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<p><b>Abstract</b>—The fault-state detection approach for blackbox testing consists of two phases. The first is to bring the system under test (SUT) from its initial state to a targeted state <em>t</em> and the second is to check various specified properties of the SUT at <em>t</em>. This paper investigates the first phase for testing systems specified as observable nondeterministic finite-state machines with probabilistic and weighted transitions. This phase involves two steps. The first step transfers the SUT to some state <i>t'</i> and the second step identifies whether <em>t'</em> is indeed the targeted state <em>t</em> or not. State transfer is achieved by moving the SUT along one of the paths of a transfer tree (TT) and state identification is realized by using diagnosis trees (DT). A theoretical foundation for the existence and characterization of TT and DT with minimum weighted height or minimum average weight is presented. Algorithms for their computation are proposed.</p>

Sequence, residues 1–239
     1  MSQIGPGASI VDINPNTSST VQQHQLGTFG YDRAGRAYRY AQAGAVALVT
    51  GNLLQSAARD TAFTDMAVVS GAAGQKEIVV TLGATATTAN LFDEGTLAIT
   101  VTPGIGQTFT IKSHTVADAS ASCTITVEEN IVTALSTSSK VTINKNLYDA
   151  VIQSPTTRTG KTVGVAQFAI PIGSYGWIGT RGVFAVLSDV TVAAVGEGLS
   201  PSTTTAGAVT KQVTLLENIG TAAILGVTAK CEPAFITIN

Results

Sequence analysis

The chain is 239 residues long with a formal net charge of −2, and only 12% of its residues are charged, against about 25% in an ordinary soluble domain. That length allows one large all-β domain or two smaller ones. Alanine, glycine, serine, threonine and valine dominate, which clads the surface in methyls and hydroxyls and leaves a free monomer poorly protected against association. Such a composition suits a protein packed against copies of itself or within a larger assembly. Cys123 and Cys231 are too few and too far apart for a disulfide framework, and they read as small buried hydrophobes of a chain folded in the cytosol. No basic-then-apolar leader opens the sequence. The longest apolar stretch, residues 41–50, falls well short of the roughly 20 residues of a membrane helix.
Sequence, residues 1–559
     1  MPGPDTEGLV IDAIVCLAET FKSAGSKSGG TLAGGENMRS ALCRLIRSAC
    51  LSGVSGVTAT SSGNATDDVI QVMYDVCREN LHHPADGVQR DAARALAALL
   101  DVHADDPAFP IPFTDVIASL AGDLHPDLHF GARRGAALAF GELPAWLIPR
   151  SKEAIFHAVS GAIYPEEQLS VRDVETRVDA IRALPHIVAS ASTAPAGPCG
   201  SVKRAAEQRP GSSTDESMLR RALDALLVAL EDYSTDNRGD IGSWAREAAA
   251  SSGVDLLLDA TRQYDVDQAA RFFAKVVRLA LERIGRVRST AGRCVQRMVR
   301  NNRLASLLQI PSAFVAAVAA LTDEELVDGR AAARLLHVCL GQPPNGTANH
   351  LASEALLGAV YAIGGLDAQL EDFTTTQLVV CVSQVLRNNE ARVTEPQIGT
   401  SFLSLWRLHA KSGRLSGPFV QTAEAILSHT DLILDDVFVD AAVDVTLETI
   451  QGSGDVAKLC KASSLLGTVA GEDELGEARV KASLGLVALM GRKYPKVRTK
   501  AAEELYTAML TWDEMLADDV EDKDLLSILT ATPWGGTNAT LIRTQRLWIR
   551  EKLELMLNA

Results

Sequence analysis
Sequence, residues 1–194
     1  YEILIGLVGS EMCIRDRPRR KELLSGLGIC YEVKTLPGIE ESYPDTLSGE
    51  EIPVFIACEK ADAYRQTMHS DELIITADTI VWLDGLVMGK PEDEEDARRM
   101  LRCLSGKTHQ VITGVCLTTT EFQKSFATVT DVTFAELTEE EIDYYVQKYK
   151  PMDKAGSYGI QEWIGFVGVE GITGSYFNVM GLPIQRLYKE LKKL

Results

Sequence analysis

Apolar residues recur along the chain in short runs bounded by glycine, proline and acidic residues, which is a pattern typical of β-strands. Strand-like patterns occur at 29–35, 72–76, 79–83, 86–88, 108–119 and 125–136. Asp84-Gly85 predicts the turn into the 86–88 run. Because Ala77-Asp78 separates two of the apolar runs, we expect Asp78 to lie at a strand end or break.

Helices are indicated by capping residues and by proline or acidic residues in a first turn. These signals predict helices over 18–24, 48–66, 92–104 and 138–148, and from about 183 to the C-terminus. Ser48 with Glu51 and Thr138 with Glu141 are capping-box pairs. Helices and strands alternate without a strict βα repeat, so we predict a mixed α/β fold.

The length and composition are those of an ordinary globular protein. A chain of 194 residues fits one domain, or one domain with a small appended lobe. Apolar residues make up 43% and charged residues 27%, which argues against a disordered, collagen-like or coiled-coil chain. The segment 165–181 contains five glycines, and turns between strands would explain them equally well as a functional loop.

Average weight, distinguishing tree, nondeterministic finite-state machine, testing, transfer tree, weighted height.

F. Zhang and T. Cheung, "Optimal Transfer Trees and Distinguishing Trees for Testing Observable Nondeterministic Finite-State Machines," in IEEE Transactions on Software Engineering, vol. 29, no. , pp. 1-14, 2003.
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